Humanitarian aid experiments with blockchain

Aid (https://pixabay.com/en/health-care-medicine-healthy-2082630/)

Start Network is partnering with Disberse in a social enterprise start up. Their aims are to:

  • test blockchain in the delivery of humanitarian finance
  • harness the potentially revolutionary potential of the technology that enabled the Bitcoin..

Ben Joakim, CEO and co-founder of Disberse said: “Disberse was born from an ambition to preserve and improve the impact of aid finance, for the communities and individuals it serves. We believe in the purpose of aid, but recognise it is constrained by inefficiencies. Using blockchain technology, we digitise and distribute donor funds through the chain to recipient beneficiaries. These transactions are transparent, and can be viewed online, ensuring funds are distributed and delivered as intended.

Ben Joakim, CEO and co-Founder, Disberse
Ben Joakim, CEO and co-Founder, Disberse

The project and humanitarian aid

Ensuring the effectiveness of donor funds remains a challenge for governments and international charities. Funds can take weeks to arrive. 10% losses can occur if banking fees, poor exchange rates and currency fluctuations are adverse.

These inefficiencies come with a lack of transparency within the sector which:

  • raises the risk of misuse of funds
  • makes it more difficult for communities affected by crisis to hold the aid system to account.

The project seeks to speed up the distribution of aid funding and trace its spending. The objective is to trace every pound, from original donor to each individual assisted. The effect should be to enable more money within the international aid system to reach the people it is intended to help. By monitoring the flow of funding monitored, there should be less lost through the process of currency exchange.

The Start Network will work with the Disberse platform to assess whether their first experiment can scale. The partnership will test the system on a series of small disbursements over the next six months. This will occur within Start Network’s existing programmes. The network says is has deployed more than £100 million of funds across the globe over the past four years. This has occurred in response to crises and in its effort to develop innovative humanitarian solutions.

The participants

The Start Network comprises 42 national and international aid agencies from five continents. Its avowed aim is to deliver effective aid, harnessing the power and knowledge of the network to make faster and better decisions to help people affected by crises. We are developing more effective ways to work together, and new approaches that will reduce the scale of human suffering. The government of Estonia, so often technologically at the forefront, assisted Start Network’s preliminary work with a €50,000 donation.

Sean Lowrie, Director of the Start Network said: “This exciting partnership could lead to the transformation needed in the way money flows through the humanitarian system. The Start Network is testing innovative solutions to many humanitarian challenges to enable aid agencies to be more efficient and effective. This new project could catalyse a new way of working, one that is transparent, fast and which drives accountability to taxpayers and those affected by crises.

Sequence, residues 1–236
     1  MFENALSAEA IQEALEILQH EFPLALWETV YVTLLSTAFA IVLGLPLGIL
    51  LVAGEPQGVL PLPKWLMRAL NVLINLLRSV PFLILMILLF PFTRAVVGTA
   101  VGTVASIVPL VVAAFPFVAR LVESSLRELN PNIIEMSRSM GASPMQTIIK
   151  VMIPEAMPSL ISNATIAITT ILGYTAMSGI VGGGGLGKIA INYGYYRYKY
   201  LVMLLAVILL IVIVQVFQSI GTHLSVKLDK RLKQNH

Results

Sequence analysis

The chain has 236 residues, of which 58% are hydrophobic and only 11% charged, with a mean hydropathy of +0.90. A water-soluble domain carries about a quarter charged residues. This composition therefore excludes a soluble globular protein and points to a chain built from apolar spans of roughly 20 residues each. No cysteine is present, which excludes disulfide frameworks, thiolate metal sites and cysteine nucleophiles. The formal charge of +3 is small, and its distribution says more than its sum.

Disberse, a for-profit social enterprise, was founded in September 2016 as a fund-management and distribution platform. Its purpose is to drive the transparent, efficient and effective flow and delivery of development and humanitarian aid. Donors, governments, and NGOs can transfer and trace funds through the entire donation chain from donor to beneficiary, via intermediaries. It wants to ensure vital resources reach the intended recipients.

Commenting on the initial Disberse pilot, Sarah Llewellyn, Director of Positive Women, said: “We normally use our bank to transfer funds, but transfers have become increasingly expensive and slow. Using Disberse, we saved 2.5 per cent [on forex fees], which covered the costs of a year’s education for an additional three girls. We could also see our funds being distributed to partners and schools, enabling us to spend less time monitoring, and more time demonstrating impact to our donors.

What does it mean?

For most enterprises, blockchain is foremost a financial industry initiative trying to solve finance sector-specific problems. Some way behind come more general applications, for example trade finance. This is general because it covers everything from shippers to ports to insurance to buyers and sellers, in addition to the finance house(s).

The combination of the Smart Network and Disberse is refreshing. The problems the trial seeks to address are not new – donation efficiency, traceability, auditability, accountability and monitoring. Testing out the applicability of blockchain technology could prove a neat part of the solution needed to reassure. Donors and recipients hate ‘donation leakage’. Real damage happens if this puts off donors from giving. In the complex operating environment of aid disbursement all improvements are welcome.

Humanitarian aid experiments with blockchain was last modified: by

Post Comment